Harmful algal blooms (HABs) are can be caused by many different types of algae in freshwater ecosystems, and can be triggered by nutrient enrichment. The most frequent and severe blooms typically are caused by cyanobacteria, the only known freshwater algae with the potential for production of toxins potent enough to harm human health. CyanoHABs can threaten human and aquatic ecosystem health. Economic damages related to cyanoHABs include the loss of recreational revenue, decreased property values, and increased drinking-water treatment costs.
RELATED USGS RESEARCH
The USGS works extensively across the country on a variety of aspects related to nutrients and eutrophication. Explore the related projects tab for some examples or click the links below.
U.S. Environmental Protection Agency
Natural Resources Conservation Service
Nutrients can come from many areas, but mostly they are associated with runoff from agricultural applications. Here are a few studies that relate to nutrients.
Below are data or web applications related to USGS research on nutrients.
Below are a few videos and images related to nutrients and eutrophication.
Follow the links below to USGS publications on nutrients and the quality of our nation's waters.
This mapper displays SPARROW nutrient load and yield data specifically for U.S. tributaries to the Great Lakes. The results are based on the SPARROW models developed for the Great Lakes, Ohio, Upper Mississippi, Red River Basins (MRB3). Modeling results can be exported as an Excel spreadsheet or a geospatial dataset.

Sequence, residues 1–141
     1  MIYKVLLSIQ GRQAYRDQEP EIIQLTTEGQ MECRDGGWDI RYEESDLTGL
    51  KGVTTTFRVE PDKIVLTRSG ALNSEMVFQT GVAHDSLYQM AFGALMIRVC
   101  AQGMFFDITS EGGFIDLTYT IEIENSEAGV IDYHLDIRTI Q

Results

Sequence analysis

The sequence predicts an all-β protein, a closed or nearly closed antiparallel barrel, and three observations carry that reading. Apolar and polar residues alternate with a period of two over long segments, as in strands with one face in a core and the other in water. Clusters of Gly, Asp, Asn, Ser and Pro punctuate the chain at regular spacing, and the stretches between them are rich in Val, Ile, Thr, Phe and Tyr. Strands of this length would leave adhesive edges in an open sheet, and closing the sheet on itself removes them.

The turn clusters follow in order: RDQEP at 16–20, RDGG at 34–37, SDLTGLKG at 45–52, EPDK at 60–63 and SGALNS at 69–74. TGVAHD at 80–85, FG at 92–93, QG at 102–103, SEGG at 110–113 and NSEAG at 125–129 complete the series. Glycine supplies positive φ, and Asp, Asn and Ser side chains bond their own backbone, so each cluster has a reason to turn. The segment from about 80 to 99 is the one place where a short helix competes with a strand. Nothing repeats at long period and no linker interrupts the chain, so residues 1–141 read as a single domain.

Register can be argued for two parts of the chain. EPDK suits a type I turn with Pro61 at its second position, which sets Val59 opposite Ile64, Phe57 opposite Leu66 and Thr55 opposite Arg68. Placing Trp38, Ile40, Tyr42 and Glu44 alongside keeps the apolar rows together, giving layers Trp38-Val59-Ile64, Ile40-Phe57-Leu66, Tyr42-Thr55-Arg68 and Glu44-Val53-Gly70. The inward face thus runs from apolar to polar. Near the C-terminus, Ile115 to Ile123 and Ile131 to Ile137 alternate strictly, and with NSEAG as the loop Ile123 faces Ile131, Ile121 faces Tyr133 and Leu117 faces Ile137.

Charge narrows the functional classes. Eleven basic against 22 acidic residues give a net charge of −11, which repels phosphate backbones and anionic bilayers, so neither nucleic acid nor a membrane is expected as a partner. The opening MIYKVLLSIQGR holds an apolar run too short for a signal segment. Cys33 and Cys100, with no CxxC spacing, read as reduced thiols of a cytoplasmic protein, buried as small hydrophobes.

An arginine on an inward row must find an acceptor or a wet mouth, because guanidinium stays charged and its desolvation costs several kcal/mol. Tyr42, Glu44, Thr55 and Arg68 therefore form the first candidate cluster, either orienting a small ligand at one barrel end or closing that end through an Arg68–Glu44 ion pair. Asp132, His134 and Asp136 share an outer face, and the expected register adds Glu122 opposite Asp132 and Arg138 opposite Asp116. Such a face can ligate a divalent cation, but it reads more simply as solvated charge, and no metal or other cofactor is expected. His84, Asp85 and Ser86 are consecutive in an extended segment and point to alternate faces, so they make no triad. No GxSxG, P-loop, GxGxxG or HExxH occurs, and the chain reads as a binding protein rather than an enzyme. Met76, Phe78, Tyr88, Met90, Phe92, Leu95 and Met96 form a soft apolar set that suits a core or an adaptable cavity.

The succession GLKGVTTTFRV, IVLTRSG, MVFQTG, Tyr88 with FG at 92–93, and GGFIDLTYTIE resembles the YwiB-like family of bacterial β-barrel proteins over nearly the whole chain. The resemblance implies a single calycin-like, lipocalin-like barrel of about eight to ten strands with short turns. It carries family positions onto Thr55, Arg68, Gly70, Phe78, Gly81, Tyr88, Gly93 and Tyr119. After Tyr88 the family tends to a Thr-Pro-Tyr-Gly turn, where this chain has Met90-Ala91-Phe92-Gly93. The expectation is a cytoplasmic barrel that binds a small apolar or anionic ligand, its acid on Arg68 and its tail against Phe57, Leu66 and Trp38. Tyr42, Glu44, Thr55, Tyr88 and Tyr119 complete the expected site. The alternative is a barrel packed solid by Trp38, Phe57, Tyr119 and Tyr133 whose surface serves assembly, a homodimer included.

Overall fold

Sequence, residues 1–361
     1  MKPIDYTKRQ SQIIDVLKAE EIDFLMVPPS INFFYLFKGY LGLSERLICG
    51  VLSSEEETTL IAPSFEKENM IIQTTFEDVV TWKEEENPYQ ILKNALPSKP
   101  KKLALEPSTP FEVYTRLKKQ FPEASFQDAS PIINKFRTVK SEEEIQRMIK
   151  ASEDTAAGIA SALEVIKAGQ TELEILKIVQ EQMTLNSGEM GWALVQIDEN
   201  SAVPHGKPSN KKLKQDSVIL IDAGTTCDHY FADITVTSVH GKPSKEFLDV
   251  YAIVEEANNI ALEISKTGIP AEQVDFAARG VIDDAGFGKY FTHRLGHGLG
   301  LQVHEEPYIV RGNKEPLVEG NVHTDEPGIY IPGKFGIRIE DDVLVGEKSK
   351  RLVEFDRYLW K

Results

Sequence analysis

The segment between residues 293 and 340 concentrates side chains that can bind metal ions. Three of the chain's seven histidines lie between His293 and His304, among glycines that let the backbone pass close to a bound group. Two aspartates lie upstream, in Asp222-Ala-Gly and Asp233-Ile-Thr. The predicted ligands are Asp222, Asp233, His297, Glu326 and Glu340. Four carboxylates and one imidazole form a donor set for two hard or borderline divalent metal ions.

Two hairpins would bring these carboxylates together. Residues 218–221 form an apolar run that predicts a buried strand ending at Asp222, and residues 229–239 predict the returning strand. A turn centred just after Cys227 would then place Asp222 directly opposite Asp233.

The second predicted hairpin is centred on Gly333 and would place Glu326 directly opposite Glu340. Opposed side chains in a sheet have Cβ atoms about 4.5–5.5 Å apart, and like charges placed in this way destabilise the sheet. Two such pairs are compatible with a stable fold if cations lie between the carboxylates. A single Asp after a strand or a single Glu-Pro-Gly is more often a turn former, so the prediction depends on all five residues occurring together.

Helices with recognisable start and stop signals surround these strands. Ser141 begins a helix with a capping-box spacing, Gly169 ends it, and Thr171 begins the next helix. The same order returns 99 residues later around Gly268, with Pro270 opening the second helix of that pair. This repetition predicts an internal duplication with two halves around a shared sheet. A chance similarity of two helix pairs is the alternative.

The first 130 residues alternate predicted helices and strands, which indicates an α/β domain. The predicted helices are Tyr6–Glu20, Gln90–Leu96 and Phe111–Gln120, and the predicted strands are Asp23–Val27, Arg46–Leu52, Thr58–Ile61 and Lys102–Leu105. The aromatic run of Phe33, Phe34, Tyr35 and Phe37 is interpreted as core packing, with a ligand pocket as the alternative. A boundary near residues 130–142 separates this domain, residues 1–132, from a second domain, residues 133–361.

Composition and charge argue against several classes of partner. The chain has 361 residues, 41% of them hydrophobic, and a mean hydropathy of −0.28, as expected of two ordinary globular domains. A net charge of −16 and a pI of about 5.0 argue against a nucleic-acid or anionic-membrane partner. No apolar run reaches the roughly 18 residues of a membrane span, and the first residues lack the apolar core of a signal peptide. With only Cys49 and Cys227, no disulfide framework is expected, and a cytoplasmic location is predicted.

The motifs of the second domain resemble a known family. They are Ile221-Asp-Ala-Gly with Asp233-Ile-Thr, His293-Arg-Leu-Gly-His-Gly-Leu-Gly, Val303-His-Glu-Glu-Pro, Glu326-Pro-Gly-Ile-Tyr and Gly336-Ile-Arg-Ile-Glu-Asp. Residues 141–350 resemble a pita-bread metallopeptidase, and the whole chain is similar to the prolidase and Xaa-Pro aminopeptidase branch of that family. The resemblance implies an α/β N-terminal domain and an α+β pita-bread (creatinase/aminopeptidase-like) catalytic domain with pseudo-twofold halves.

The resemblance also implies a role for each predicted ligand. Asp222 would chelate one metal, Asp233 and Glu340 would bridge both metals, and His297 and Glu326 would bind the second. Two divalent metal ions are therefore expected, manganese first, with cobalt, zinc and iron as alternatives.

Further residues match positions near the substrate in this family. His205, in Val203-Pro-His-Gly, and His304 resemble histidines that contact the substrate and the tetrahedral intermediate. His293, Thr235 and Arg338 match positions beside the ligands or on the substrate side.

The mapper displays SPARROW nutrient load and yield data and the importance of various nutrient sources for the MARB, given nutrient inputs similar to 2002. Rankings can be shown by major watershed, state, HUC8, tributary, and catchment. Nutrient data can be explored using maps and interactive graphs and tables. Modeling results can be exported as an Excel spreadsheet or a geospatial dataset.
There are numerous software packages scientists use to investigate water quality and pollution transport. Here are a few examples of applications USGS uses.
RSPARROW, now available on the USGS GitLab repository, provides the first open-source version of the USGS SPARROW water-quality model
What’s New: A new version of the SPARROW code is being developed in the R programming language. The advantage of R is that it is non-proprietary and does not require a license or software cost. The R – SPARROW code is now being completed and should be available early in CY18. Stay Tuned.
See what is newsworthy concerning water-quality in the Nation's lakes and rivers.
A new update to an online interactive tool for learning about pesticides, nutrients, and overall stream health in major regions of the U.S. is available from the U.S. Geological Survey’s Regional Stream Quality Assessment.
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Are you one of 30 million Americans whose drinking-water supply relies on groundwater from the glacial aquifer system? A new USGS study assesses the...
Highest concentrations found in Iowa, Minnesota and Illinois.
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The Water Environment Federation (WEF) and the Northeast Midwest Institute invite you to a briefing by the USGS National Water-Quality Assessment...